Publisher: Black Library
Genre: SF Crime
Publication Date: 2021
There are no xenos in Varangantua. No daemons prowl the streets at night. But that does not mean there are no monsters. The city is rife with killers, from crimes of passion to sadistic murders. Because sometimes the worst monsters in the world, are people . . .
The third Warhammer Crime novel pushes things further than previous offerings, giving us one of the bleakest, most chilling Black Library books to date. Chilling in more ways than one. Grim Repast takes us to the Polaris region of Varangantua, a decidedly frosty part of the city, and one brilliantly illustrated on the front cover. The cold climate enhances the noir feeling that all of these books have, and it’s all too easy to picture Grim Repast in a full-screen, black and white experience.
Today’s probator is Quillon Drask, an individual last seen in the short story ‘Cold Cases.’ You don’t need to have read that short to enjoy this, but I would strongly recommend it. The important details are sketched out in this book, but ‘Cold Cases’ lays a lot of the groundwork for Drask’s characterisation in this novel. And that characterisation is the strongest thing this book has going for it. Previous protagonists have been diligent workers, trying to do their best in a hopeless world. Drask, in contrast, is a broken man, both physically and psychologically. He is a human testament to the toll life in Varangantua takes on the soul. It’s fair to say that we get more of an insight into Drask’s mind than we did Zidarov or Noctis. Sometimes this feels more like a protracted character study rather than a crime thriller, but that works in the book’s favour.
It’s not just Drask who is a broken man. This book is all about the broken nature of Imperial society. How the wealthy exploit the poor, how the lawkeepers are just as corrupt as the gangs they alternate between hunting and treating with. Life in Varangantua is depressing, and you can only assume it’s a similar tale told countless times across the Imperium of Man. This is a book in which not even the illusion of hope exists, because when the most powerful people in the city can get away with anything, what role is there for the law other than the enforcement of a broken system? This isn’t a book that delves deeply into the politics of the question, but the question is asked nonetheless.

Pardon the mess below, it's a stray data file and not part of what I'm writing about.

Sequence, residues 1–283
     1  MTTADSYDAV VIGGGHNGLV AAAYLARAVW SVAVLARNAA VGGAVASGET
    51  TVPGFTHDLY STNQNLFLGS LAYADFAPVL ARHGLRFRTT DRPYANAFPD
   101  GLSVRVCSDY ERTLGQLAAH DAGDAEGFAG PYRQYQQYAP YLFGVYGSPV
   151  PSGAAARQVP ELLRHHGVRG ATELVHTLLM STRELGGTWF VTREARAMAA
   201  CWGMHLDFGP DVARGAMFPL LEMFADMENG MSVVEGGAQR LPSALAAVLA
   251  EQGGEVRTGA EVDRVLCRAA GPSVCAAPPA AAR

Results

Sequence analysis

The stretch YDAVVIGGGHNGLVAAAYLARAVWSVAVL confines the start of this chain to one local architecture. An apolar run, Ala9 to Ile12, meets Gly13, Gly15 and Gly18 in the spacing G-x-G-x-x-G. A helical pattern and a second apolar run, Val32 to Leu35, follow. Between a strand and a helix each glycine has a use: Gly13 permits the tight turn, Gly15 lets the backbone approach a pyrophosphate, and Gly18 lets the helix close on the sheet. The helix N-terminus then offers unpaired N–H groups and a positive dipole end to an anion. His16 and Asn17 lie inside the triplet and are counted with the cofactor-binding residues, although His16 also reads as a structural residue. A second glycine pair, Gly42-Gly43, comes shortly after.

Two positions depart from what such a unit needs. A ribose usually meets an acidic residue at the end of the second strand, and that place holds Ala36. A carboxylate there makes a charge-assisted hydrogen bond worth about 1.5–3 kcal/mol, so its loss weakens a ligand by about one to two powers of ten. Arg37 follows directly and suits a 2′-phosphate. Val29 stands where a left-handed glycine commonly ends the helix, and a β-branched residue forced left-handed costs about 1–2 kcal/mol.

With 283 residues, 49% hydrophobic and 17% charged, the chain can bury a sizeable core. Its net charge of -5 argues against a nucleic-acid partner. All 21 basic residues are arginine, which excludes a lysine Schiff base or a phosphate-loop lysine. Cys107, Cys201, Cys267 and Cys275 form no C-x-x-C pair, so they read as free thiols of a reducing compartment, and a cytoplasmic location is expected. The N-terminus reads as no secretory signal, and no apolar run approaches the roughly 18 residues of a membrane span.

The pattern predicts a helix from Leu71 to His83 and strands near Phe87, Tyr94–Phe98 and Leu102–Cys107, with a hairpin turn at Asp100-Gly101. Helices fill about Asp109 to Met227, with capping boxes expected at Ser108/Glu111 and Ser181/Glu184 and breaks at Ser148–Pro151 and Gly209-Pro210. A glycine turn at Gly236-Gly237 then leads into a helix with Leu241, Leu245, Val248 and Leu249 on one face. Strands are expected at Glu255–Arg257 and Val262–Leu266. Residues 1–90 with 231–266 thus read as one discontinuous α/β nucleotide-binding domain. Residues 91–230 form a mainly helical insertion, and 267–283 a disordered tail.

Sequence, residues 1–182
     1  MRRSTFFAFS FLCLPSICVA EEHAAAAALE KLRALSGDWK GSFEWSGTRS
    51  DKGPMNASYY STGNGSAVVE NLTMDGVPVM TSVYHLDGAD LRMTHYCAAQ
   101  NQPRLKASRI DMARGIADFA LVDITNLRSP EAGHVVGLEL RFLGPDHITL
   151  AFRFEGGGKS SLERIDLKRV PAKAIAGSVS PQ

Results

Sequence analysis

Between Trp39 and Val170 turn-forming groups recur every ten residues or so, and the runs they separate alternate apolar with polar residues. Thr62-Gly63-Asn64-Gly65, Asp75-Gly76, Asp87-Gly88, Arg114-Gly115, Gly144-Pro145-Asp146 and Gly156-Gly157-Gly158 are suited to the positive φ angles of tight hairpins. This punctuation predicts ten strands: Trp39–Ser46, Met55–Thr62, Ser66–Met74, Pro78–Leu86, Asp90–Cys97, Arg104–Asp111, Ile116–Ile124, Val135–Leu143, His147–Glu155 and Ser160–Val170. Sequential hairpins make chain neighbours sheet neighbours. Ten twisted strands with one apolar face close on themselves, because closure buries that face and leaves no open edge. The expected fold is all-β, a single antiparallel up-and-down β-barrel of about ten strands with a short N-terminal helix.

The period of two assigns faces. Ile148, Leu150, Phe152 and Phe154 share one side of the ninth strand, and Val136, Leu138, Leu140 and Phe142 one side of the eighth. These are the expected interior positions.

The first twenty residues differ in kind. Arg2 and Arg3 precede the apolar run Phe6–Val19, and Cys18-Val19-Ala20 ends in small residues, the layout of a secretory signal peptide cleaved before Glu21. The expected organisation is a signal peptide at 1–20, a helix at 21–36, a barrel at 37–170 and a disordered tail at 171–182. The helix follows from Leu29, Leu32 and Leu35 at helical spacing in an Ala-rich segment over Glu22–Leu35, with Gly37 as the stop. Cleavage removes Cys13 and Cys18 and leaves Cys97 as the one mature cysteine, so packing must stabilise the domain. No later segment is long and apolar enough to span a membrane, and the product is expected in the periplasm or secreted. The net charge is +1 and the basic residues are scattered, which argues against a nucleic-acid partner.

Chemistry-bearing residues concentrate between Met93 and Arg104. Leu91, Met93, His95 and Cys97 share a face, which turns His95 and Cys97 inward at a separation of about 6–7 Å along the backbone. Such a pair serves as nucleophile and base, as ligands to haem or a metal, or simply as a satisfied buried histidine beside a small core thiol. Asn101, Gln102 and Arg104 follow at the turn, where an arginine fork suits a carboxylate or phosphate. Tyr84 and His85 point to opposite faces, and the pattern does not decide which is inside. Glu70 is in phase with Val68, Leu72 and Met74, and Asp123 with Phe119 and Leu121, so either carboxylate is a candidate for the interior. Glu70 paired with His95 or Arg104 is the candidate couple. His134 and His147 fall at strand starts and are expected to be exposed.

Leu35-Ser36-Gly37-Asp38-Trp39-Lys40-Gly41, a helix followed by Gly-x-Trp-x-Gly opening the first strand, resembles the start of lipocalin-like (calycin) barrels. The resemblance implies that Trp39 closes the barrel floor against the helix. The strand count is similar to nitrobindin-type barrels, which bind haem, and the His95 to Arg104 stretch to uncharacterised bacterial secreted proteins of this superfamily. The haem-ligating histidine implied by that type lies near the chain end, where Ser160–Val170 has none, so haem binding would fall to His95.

All that misery can grow stale, however, and for much of the first act Grim Repast feels like a retread of what we have seen before. That’s the problem when a series has such a consistent tone. It’s hard to break out with something new. I love the crime range, but there are only so many stories of probators investigating conspiracies that I can take before I want a change. That change comes in the latter half of Grim Repast. I won’t go into spoilers, because the shock is part of the appeal. But Collins goes into some dark, dark territory. The Custom of the Void is appealingly ghoulish, and the killer’s lair leads to one of the best, most tense encounters of the entire crime range. If you liked Haley’s servitor-factory, then Collins has something that you’ll like even more. I know I did. It’s gruesome, it’s haunting, and in the context of Varangantua, it’s all too plausible.
Overall, Grim Repast continues the Warhammer Crime range’s run of strong novels, and hopefully heralds more to come, both from the setting as a whole, and from Collins in particular.